1080. yes you did
  1081.  
  1082. [11:36]  
  1083. if you just assumed it would just change, you were misinformed or deluded
  1084.  
  1085. anthony [11:36 PM]
  1086. I bought in to a promise that that was a temporary limit which would be removed
  1087.  
  1088. shinobimonkey [11:36 PM]
  1089. then guess what, you didn't do your homework
  1090.  
  1091. [11:37]  
  1092. you were misinformed
  1093.  
  1094. [11:37]  
  1095. thats not how that works
  1096.  
  1097. [11:37]  
  1098. its a consensus rule: take it, or leave it
  1099.  
  1100. anthony [11:37 PM]
  1101. sure, the core devs who said that lied
  1102.  
  1103. shinobimonkey [11:37 PM]
  1104. if you want to change it, start having geniune discussions
  1105.  
  1106. [11:37]  
  1107. not just fake arrogant statements of "We'll just change that, thats just how it works."
  1108.  
  1109. Eric Lombrozo [11:37 PM]
  1110. arguing for or against the 1MB limit is besides the point - fact is it's there, and fact is how it got there probably wasn't the best way it could have gotten there. Question is how do we fix the problem without ending up with everyone pissed off at each other?
  1111.  
  1112. anthony [11:37 PM]
  1113. did luke ever make the hard fork he promised?
  1114.  
  1115. shinobimonkey [11:37 PM]
  1116. and wave off all consequences/dangers as irrelevant
  1117.  
  1118. anthony [11:37 PM]
  1119. or was that another lie?
  1120.  
  1121. shinobimonkey [11:38 PM]
  1122. he has been, and still is, working on it
  1123.  
  1124. [11:38]  
  1125. if you stopped by here more than to be arrogant and troll, you would know that
  1126.  
  1127. Eric Lombrozo [11:38 PM]
  1128. How do we fix the problem without the network fracturing? without consensus failure?
  1129.  
  1130. anthony [11:38 PM]
  1131. so a lie about the timing
  1132.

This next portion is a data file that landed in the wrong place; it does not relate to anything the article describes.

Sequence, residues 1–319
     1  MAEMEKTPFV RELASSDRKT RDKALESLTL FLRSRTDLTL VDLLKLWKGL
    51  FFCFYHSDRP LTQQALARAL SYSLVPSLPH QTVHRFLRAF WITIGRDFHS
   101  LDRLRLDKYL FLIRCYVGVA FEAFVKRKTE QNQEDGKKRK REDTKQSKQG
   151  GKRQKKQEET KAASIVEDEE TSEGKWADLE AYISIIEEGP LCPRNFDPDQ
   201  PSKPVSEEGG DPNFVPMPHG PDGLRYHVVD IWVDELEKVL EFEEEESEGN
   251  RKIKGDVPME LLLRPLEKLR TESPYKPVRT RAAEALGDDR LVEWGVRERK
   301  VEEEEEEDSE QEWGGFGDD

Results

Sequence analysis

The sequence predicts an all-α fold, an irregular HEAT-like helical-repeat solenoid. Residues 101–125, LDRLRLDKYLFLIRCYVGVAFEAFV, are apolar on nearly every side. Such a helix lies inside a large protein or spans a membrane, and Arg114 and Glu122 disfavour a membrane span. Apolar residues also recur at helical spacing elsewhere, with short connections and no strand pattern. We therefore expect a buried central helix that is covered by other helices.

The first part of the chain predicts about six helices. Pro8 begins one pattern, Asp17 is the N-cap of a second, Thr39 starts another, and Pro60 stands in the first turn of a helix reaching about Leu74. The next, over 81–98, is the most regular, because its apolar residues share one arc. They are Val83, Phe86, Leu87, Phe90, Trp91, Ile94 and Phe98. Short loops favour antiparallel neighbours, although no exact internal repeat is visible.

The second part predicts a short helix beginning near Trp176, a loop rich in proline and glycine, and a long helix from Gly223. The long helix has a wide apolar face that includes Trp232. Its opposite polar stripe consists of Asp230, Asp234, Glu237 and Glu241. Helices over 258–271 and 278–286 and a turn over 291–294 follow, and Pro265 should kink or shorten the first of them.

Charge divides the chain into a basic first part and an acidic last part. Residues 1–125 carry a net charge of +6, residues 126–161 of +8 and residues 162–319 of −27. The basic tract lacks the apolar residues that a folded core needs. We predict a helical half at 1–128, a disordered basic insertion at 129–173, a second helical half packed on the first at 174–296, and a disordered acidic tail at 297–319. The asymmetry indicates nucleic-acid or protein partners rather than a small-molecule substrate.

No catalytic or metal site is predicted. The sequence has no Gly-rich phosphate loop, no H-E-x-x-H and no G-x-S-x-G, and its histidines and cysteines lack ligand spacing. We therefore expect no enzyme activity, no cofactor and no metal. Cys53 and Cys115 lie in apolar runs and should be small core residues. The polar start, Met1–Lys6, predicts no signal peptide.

1133. shinobimonkey [11:38 PM]
  1134. code has to be written, checked, and tested anthony
  1135.  
  1136. [11:38]  
  1137. it just doesn't pop into existence cause someone said it would
  1138.  
  1139. Eric Lombrozo [11:38 PM]
  1140. these are very difficult problems and they have nothing to do with petty political posturing or stupid negotiation on deals that cannot be satisfied (edited)
  1141.  
  1142. anthony [11:39 PM]
  1143. he should have thought about that before he promised to write it
  1144.  
  1145. shinobimonkey [11:39 PM]
  1146. anthony, you are being intentionally obtuse
  1147.  
  1148. [11:39]  
  1149. and just spouting misinformed rhetorical bullshit (edited)
  1150.  
  1151. Eric Lombrozo [11:40 PM]
  1152. we're trying to solve real problems here...and people are just trying to play gotcha
  1153.  
  1154. anthony [11:40 PM]
  1155. what problem are you trying to solve?
  1156.  
  1157. Eric Lombrozo [11:40 PM]
  1158. scroll up
  1159.  
  1160. anthony [11:41 PM]
  1161. the 1mb limit?
  1162.  
  1163. [11:42]  
  1164. I mean, I'm not sure how to fix that problem, but I think BU is making a much better attempt at it than Core
  1165.  
  1166. shinobimonkey [11:42 PM]
  1167. they are not
  1168.  
  1169. Eric Lombrozo [11:42 PM]
  1170. if you consider that a solution then obviously you don't really understand the problem
  1171.  
  1172. anthony [11:42 PM]
  1173. The Core devs basically have created the problem
  1174.  
  1175. shinobimonkey [11:42 PM]